BEST WESTERN Fortune Hotel Longyan
No prices found through our partners. Please contact the business directly or check some of our recommended alternatives.
- Continental Breakfast
- Business Services
- Wheelchair accessibility
- Free parking
TripAdvisor Reviews BEST WESTERN Fortune Hotel Longyan
Travel Blogs from Longyan
... a picture of a panda's tush: ). (We also saw transformers all over the park and took some photos for the boys.)
We left the zoo and went to a cable car. I got to ride with Jenny, our local guide. She pointed out a golf course and the 'dragon mountain'. She also showed me pictures of her family and an old picture of her grandparents. Her daughter was adorable! We went right into a fog where the mountains descended. It was ...
... villages. My driver was friend with one of the occupants and we got to stop for a tea break. Turning down the seemingly obligatory offer of cigarettes I tried some oolong tea, it was pretty strong but still nice and tasty.
The best, at least visually was saved for last. The cluster of Tulou at Tianluokeng whilst statistically insignificant are undeniably the highlight of the tour. 4 circular or oval roundhouses surround a single (Unusual) square one in the middle. ...
... dirty and for some reason or another, I discovered (not in a good way), you must bring your own tissue paper to the bathroom. Surprise, Justin!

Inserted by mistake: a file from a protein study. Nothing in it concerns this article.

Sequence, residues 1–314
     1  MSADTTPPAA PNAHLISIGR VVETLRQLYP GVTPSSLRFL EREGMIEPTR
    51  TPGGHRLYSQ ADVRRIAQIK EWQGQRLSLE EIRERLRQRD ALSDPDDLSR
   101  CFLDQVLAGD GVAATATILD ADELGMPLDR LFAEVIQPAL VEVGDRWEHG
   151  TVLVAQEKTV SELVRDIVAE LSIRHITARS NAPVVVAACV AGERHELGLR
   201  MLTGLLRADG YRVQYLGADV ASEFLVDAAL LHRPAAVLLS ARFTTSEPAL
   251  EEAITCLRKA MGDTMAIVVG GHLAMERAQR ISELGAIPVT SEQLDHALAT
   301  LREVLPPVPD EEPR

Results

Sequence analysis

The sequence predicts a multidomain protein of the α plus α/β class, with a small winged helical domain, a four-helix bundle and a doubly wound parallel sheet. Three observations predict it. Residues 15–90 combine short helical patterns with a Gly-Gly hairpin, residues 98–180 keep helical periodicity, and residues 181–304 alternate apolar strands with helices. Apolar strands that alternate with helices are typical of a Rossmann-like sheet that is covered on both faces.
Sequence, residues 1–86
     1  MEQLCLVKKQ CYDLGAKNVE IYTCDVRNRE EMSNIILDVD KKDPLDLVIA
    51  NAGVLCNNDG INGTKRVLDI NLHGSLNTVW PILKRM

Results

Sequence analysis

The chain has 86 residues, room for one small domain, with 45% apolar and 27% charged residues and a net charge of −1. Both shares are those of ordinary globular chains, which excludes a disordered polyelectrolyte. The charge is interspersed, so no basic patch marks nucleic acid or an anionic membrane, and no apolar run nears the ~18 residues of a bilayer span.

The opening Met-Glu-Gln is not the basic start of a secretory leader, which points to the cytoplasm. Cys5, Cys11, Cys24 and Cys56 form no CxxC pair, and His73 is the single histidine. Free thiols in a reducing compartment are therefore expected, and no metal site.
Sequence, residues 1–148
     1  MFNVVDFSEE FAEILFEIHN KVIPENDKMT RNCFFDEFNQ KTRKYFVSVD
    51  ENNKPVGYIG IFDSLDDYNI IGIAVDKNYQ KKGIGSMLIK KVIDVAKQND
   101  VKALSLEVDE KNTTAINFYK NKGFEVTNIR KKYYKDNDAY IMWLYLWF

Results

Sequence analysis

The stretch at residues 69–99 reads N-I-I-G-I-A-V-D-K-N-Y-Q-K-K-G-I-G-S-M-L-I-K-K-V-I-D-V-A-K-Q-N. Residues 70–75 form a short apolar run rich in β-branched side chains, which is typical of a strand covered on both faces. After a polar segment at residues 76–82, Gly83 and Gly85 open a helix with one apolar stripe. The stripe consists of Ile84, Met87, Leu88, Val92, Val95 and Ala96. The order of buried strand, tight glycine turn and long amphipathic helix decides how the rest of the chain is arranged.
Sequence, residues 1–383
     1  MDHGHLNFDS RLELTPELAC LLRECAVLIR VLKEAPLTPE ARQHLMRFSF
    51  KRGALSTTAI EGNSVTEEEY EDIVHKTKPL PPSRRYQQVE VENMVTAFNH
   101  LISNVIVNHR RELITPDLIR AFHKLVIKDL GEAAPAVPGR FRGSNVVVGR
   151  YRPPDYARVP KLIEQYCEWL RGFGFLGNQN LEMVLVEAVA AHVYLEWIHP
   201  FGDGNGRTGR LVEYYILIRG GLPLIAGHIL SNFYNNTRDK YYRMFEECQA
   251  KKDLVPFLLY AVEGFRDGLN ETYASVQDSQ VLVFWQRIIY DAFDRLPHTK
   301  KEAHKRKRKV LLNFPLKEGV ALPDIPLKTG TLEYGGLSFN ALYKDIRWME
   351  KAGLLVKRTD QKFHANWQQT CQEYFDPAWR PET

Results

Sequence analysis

The Tulou's were beautiful even if it was raining. It almost even added to the effect of the old culture. Some tulous have been remodeled and been made into hotels to include electricity. Others remain tattered and on their last breath.
The pictures will tell all. Take a ...
Went for a day trip to Yongding County some 3 hours drive west of Xiamen. This area is home to hundreds and hundreds of round and square mud houses, ranging in time from the 1300's all the way to the 1940's. In some cases up to 100 familys can live in one building which is split into different levels, the ground for cooking, ...
... Made of compacted earth they look at bit like medieval forts and serve as communal living buildings, a kind of ancient apartment block really. They all seem to follow the same standard format, with an ancestral hall for worshiping and individual family kitchens around the ground floor, and then sleeping quarters upstairs. Some of them were enormous, housing dozens of families, totaling hundreds of people, not to mention lots of chickens, pigs, ...